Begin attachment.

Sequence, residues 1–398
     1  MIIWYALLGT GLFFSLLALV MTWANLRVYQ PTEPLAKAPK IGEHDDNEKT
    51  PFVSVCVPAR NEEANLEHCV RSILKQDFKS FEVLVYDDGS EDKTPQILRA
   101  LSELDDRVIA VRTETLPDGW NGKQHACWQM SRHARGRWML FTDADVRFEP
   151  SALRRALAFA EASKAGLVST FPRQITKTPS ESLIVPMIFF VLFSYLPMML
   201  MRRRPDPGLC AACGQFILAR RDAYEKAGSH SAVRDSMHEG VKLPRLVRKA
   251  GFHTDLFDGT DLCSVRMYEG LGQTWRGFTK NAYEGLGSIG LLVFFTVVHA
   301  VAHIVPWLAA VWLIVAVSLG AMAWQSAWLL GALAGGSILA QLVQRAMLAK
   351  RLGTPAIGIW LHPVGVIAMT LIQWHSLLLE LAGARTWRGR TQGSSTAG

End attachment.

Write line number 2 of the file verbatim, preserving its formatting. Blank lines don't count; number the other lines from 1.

     1  MIIWYALLGT GLFFSLLALV MTWANLRVYQ PTEPLAKAPK IGEHDDNEKT